Tuesday, June 14, 2011

Critical Approaches, Rational Argument, and Commitments

"I turned to Alastair Pennycook’s Critical Applied Linguistics: A Critical Introduction  in the hope of finding a systematic and coherent account of what I took to be one particular way of doing applied linguistics. I was looking for an (introductory) text which would make explicit not only the “real-world” problems critical work addresses, but also the principles it is based on together with an exploration of the (philosophical) origins of these principles and above all on their interrelation with each other. These expectations turned out to be inappropriate for a (critical) book on critical applied linguistics. But even more than that: I know that everything I have said above is based on my belief in the value of rational argument. And since I am not sure whether (or how) there is a place for rational argument in Pennycook’s world of critical applied linguistics, I am not sure whether what I have said here has any relevance. Maybe – if one truly adopts the CALx way of thinking and doing – a book review like this ceases to have any point or purpose."

 - Katharina Breyer (2002) in her review of Pennycook (2001).

I am sympathetic to Breyer's desire to, in essence, "critique the critical" (though I have promised myself this will not be a central feature of my own work -- too often my resistance feels to me like petty squabbling). Yet I am also (maybe due to my postmodern sympathies) suspicious of her deployment of "rational argument." Basically: Whence rationality? It is this critique of modernist discourse which both neo-Marxist/Gramscian/etc scholars and crazy religious people like me who actually believe in transcendence can agree on. (See, for example, Canagarajah's contributions to his and Wong's Christian and Critical English Language Educators in Dialogue.)

One wonders, then, is there room to wade in the waters of CAL for someone who will ultimately choose not to embrace its theoretical commitments? I'd like to hope so. Critical approaches tend to be shunned in part, I think, because of what reads like a you're-either-for-us-or-against-us attitude: if you are not questioning the basic assumptions of your discipline, you tacitly support existing injustice. This is a hard pill to swallow, yet it feels important. Like Canagarajah, Freire, and Osborn, I see important resonances between Christianity and critical practice. But I'm Just Not That Into Foucault, Marx, etc. I like to hang out with the Russian Orthodox version of Bakhtin; neither he, nor I, nor any theorist, is "the first speaker, the one who disturbs the eternal silence of the universe."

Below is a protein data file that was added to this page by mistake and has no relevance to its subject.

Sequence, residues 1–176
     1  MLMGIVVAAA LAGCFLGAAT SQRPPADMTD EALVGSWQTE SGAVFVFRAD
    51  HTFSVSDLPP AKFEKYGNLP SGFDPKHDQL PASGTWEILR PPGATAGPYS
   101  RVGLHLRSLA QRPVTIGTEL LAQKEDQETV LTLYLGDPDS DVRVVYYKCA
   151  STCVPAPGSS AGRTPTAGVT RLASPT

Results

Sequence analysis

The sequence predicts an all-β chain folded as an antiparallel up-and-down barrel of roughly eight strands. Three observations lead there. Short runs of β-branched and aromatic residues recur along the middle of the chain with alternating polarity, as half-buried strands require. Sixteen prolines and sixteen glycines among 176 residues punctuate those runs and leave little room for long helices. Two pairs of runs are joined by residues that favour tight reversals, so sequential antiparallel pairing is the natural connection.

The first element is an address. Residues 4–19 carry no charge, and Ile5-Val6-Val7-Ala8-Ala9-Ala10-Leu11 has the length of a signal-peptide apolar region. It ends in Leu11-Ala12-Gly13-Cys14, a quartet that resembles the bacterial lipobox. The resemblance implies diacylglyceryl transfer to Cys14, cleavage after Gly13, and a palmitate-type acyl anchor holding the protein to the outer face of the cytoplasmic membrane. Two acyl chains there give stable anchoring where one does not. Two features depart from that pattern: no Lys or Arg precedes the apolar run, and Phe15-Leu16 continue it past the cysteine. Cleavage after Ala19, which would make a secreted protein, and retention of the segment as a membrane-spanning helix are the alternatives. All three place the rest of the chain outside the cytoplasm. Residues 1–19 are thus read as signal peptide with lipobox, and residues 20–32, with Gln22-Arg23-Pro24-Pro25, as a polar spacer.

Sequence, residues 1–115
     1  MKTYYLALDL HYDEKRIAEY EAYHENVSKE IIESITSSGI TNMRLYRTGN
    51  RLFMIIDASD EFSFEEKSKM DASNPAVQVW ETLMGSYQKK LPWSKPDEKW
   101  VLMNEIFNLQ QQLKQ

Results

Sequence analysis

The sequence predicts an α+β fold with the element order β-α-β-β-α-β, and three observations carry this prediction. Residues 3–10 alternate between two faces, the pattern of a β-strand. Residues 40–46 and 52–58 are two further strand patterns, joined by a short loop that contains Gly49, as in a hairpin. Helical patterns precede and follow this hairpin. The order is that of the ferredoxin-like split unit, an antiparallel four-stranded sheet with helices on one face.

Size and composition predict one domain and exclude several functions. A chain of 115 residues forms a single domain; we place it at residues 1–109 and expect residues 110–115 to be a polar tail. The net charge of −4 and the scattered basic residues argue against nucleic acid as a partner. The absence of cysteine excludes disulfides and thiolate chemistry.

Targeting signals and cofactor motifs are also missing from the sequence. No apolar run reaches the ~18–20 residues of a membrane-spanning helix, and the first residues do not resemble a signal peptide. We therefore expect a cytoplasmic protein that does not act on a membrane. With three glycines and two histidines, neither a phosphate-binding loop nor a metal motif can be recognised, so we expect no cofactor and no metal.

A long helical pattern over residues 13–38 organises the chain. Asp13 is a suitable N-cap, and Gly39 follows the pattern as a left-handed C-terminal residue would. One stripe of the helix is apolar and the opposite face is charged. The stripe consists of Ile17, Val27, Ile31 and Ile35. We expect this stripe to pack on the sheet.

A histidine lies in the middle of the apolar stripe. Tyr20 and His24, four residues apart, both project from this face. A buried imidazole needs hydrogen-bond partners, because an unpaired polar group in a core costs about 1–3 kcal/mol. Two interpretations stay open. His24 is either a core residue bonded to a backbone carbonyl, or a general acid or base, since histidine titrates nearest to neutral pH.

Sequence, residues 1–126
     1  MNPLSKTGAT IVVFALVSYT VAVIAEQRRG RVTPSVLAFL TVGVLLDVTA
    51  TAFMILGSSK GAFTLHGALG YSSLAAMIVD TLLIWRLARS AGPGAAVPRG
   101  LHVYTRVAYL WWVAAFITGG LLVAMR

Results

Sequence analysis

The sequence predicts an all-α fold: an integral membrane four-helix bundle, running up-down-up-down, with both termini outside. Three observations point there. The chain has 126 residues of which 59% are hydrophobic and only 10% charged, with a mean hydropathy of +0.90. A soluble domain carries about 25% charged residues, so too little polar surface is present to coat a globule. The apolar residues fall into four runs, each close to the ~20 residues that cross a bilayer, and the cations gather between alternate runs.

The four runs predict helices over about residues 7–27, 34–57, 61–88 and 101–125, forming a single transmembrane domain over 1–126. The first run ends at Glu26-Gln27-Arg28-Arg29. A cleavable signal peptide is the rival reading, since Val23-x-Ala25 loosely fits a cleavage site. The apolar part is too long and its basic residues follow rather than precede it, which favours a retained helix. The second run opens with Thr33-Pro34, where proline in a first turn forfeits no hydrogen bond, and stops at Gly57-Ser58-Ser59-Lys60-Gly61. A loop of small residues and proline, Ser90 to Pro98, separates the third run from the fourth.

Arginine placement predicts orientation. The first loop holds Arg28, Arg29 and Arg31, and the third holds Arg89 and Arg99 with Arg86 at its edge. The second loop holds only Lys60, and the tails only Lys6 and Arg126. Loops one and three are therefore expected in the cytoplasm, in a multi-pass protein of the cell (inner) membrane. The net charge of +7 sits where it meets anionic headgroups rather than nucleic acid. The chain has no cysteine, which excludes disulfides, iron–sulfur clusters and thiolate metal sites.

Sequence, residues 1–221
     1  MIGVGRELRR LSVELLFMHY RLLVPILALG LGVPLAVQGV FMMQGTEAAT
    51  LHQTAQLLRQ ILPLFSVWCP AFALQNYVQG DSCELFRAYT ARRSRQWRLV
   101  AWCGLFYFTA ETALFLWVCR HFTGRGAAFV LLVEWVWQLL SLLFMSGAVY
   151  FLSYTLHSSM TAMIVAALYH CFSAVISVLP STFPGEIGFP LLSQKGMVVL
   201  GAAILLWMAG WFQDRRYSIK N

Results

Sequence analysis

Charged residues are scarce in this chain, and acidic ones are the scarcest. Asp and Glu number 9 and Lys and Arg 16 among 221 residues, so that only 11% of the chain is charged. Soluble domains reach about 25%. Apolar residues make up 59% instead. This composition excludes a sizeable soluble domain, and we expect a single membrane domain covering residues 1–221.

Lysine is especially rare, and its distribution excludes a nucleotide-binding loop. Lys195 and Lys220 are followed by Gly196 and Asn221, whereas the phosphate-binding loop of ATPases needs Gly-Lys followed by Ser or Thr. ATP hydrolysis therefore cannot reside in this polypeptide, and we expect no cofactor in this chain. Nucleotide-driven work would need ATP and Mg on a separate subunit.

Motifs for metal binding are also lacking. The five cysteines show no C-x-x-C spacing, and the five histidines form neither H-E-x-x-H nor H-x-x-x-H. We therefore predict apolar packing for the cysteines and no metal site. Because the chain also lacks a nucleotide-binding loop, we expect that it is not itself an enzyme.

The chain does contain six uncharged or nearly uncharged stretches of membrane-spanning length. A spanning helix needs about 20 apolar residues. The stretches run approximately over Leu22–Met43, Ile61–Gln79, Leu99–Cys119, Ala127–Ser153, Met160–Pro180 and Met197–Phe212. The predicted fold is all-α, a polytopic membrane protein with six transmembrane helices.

If one declares one's epistemological commitments, one is open to critique. Tell a staunchly materialist neuroscientist and philosopher of mind that you are committed to a particular religious story, and you may be ridiculed. Tell a critical theorist that you are committed to scientific materialism and Reason, and you may be written off as naive. Tell a critical applied linguist you are committed to an alternative vision of justice and ethics and you may be taken to task.

This, I suppose, is the price one pays for finding a way of thinking, being, and doing which allows one to sleep at night. The source of our commitments is complex, multifaceted, and mysterious, yet I suspect the further we drill down into them, the better chance we have of strengthening, rather than destroying, the foundations. What, after all, is the purpose of tearing down, if not to build?

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